• Psoriasis: This disease causes patchy rashes that vary from dandruff-like flakes to painful plaques that may bleed. The autoimmune form of the illness often flares up in cycles — you’ll have symptom-free periods followed by breakouts and symptoms. 
  • Lupus: Lupus is an autoimmune disease that sometimes causes a butterfly-shaped rash across the nose and cheeks. 
  • Shingles: A painful flare-up of the chickenpox virus. You can reduce your risks through vaccination. 
  • Cellulitis: This condition can be life-threatening, so seek medical care without delay. It consists of a painful bacterial skin infection that is warm to the touch, usually occurring on the lower extremities, although it can appear anywhere on the body. It can spread to the lymphatic system and bloodstream. 
  • Contact dermatitis: A catchall term for the allergic reaction your skin produces when it touches an objectionable substance. Common culprits are poison ivy, oak and sumac, certain detergents, soaps, cleansers and fragrances.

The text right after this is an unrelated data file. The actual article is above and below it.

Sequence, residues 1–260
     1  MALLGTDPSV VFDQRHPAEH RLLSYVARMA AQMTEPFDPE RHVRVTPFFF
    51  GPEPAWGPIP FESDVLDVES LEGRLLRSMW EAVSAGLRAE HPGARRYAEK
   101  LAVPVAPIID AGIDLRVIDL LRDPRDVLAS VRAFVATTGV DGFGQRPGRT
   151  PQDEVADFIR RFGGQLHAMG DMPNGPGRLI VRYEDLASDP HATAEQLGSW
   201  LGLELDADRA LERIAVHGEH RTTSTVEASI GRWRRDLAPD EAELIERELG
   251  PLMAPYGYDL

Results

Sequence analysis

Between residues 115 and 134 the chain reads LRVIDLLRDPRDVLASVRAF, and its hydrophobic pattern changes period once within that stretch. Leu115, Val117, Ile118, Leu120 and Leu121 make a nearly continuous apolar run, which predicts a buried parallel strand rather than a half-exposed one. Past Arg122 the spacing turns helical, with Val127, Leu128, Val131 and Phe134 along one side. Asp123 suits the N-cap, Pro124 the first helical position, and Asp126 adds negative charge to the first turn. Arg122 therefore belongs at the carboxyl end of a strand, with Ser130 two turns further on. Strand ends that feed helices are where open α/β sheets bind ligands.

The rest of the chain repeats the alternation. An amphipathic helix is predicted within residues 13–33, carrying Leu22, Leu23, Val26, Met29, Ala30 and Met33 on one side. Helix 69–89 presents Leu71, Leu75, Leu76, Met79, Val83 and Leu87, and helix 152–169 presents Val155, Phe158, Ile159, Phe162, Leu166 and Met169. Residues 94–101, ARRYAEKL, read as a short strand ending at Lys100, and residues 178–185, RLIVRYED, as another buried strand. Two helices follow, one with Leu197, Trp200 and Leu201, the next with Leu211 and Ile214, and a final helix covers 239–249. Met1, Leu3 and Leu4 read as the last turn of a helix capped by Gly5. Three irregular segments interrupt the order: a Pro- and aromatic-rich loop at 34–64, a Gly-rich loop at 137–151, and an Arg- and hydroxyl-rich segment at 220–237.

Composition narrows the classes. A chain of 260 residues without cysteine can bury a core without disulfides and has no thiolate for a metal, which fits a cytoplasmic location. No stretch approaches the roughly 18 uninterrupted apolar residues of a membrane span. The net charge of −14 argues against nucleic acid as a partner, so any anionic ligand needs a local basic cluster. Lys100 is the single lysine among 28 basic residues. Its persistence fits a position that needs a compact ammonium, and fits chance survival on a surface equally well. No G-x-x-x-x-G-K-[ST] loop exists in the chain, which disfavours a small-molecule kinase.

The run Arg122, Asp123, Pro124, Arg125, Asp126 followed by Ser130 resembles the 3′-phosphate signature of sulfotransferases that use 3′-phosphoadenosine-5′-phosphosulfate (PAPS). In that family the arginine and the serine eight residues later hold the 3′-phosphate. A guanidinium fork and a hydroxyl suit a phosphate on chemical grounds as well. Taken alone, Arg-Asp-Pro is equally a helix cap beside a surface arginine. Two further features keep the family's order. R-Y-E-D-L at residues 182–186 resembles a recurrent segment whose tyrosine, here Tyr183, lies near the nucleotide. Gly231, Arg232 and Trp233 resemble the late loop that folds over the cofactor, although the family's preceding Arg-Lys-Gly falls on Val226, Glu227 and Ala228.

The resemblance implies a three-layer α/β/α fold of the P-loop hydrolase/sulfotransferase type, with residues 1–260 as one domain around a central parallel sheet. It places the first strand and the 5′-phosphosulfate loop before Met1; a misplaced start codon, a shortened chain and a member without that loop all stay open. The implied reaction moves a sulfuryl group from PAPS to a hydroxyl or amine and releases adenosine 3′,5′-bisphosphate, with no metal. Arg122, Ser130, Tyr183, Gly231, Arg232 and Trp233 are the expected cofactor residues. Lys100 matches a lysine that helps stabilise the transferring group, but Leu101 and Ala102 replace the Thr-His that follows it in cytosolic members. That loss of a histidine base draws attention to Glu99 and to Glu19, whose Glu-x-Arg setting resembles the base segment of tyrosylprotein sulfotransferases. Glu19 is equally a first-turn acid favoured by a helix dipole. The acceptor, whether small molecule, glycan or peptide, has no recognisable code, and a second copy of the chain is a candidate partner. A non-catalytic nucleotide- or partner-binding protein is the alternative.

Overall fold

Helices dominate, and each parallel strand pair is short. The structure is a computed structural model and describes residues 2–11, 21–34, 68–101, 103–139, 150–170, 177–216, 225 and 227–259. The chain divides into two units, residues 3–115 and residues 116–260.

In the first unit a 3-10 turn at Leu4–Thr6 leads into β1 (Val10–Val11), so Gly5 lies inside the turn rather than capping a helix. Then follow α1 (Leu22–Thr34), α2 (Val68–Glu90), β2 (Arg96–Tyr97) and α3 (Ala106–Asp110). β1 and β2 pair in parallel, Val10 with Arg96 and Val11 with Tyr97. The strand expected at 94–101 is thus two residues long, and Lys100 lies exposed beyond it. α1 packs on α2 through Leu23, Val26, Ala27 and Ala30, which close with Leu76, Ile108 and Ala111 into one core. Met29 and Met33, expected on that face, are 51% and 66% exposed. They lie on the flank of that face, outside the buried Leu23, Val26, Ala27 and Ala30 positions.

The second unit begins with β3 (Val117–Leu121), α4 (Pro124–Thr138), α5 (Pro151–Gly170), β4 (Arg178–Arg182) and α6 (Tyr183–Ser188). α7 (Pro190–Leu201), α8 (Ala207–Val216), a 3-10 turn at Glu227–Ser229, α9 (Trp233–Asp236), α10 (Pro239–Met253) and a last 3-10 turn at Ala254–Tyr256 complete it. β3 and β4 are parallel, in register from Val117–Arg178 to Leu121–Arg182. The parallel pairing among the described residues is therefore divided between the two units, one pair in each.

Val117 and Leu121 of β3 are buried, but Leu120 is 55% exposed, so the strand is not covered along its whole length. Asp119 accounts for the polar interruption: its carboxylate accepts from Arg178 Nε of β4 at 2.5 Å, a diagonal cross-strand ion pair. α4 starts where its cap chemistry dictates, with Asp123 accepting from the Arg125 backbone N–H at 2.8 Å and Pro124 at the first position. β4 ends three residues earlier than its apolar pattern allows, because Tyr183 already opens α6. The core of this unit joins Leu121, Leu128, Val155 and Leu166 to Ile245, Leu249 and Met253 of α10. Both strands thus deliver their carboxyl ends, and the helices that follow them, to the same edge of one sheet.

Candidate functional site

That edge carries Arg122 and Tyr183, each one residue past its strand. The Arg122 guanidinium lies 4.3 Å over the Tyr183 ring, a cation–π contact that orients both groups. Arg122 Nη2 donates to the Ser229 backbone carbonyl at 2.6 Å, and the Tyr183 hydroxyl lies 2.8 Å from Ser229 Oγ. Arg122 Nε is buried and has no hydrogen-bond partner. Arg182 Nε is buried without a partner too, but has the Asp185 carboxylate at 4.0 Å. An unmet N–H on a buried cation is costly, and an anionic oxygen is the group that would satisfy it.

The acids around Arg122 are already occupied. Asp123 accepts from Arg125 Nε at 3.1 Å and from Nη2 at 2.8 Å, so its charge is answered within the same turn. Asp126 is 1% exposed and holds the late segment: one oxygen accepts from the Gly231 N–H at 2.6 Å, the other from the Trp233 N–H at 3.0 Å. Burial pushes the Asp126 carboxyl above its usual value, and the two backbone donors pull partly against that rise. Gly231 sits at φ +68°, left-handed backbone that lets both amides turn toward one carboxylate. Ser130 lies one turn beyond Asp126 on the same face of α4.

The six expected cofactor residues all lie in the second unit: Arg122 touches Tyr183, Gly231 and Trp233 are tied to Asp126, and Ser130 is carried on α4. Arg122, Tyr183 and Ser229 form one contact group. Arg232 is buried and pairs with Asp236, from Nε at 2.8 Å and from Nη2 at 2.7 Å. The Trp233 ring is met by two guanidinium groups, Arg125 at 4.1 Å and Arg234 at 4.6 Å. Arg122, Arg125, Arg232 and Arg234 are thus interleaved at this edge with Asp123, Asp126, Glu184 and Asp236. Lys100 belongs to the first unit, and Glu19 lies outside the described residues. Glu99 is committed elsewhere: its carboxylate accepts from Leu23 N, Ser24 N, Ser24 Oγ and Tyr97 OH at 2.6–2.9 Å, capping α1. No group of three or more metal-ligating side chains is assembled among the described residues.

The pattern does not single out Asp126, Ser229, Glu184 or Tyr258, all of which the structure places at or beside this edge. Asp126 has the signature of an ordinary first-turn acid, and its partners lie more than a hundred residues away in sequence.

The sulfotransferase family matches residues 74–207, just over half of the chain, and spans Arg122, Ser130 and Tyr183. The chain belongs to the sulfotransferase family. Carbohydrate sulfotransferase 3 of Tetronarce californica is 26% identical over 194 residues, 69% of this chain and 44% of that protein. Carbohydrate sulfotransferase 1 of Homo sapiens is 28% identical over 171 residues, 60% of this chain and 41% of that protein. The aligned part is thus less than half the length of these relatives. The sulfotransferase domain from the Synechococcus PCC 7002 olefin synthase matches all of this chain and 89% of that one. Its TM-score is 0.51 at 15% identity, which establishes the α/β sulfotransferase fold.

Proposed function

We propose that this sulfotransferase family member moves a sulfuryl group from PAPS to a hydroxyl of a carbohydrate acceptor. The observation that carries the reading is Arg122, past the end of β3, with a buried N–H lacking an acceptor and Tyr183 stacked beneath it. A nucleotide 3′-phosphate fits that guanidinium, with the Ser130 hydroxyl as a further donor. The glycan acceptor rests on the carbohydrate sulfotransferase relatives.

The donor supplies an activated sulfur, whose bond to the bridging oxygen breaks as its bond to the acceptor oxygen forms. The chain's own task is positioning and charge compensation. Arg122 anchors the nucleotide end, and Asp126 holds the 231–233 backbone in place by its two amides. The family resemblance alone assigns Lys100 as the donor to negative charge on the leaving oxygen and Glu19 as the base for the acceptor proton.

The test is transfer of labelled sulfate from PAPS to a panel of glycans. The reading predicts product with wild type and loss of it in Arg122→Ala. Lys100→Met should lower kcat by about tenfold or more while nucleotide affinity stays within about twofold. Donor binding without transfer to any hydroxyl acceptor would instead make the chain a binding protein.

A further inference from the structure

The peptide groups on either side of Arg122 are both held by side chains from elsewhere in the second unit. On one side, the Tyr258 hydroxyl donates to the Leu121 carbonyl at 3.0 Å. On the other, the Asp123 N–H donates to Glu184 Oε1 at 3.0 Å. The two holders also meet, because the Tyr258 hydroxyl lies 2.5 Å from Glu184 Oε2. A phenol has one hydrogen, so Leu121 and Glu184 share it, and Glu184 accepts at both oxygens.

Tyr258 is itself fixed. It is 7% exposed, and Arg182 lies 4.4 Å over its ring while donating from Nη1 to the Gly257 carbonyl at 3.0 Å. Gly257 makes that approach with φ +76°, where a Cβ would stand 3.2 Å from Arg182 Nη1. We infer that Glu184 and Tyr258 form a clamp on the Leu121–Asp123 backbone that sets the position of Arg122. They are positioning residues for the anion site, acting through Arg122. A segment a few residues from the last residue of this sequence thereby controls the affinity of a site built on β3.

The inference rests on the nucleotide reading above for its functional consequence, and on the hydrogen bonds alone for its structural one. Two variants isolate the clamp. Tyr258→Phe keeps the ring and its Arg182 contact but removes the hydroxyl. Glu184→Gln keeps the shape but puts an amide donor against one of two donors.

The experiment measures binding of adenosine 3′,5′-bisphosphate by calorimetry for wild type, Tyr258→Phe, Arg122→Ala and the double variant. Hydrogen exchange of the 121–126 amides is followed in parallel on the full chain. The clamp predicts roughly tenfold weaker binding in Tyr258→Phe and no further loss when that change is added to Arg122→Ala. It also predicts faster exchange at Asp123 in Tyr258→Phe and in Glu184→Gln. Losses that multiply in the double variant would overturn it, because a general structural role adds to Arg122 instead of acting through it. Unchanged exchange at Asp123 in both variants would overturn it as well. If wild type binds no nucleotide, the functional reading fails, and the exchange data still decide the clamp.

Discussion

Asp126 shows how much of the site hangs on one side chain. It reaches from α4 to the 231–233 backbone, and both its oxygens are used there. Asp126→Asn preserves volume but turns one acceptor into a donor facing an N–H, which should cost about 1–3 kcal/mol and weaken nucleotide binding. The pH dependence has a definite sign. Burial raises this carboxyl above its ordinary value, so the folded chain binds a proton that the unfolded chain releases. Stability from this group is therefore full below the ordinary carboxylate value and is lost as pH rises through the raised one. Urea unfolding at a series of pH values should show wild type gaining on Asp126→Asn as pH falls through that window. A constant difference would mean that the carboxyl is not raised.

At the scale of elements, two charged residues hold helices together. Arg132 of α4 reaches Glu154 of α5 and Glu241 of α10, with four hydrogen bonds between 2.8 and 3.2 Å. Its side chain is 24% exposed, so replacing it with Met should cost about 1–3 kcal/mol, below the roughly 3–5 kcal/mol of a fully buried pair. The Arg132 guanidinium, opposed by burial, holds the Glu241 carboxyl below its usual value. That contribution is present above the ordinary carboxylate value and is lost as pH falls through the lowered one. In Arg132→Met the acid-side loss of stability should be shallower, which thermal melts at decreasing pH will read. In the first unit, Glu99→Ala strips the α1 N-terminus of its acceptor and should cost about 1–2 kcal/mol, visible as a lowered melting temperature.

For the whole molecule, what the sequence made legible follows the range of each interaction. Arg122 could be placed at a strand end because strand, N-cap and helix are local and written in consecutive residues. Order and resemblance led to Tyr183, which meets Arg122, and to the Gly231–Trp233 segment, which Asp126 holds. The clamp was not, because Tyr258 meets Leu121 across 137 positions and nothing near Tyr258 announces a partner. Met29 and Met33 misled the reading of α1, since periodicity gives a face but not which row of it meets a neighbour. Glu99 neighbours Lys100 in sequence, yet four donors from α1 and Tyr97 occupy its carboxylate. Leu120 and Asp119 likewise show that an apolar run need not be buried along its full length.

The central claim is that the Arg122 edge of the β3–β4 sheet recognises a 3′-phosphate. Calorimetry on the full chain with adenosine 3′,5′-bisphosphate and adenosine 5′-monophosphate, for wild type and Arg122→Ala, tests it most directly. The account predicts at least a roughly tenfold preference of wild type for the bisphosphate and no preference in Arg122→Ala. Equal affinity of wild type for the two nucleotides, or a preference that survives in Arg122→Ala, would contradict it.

Treating Most Common Rashes

If your rash doesn’t warrant medical attention, you can use DIY folk remedies for relief. For example, people have long used apple cider vinegar or baking soda paste to calm the itching associated with poison ivy — calamine lotion is another popular OTC treatment. 

Most skin rashes clear up within a few hours to a week or two. Rashes that fade but recur deserve a conversation with your doctor. You could have underlying immune system dysfunction or an undiagnosed allergy — the right treatment could cause less frequent and severe outbreaks. 

When to Worry About a Rash 

Most skin rashes aren’t cause for worry. However, they can indicate an infectious disease or an allergy you should address. Knowing when to seek care is half the battle. 

Understanding the types of skin rashes you might experience helps you decide whether to seek care. It also arms you with the knowledge to find answers and get help and relief. 

Writer Bio

Beth is the Managing Editor and content manager at Body+Mind. She shares knowledge on a variety of topics related to nutrition, healthy living, and anything food-related. In her spare time, Beth enjoys trying out new fitness trends and recipes.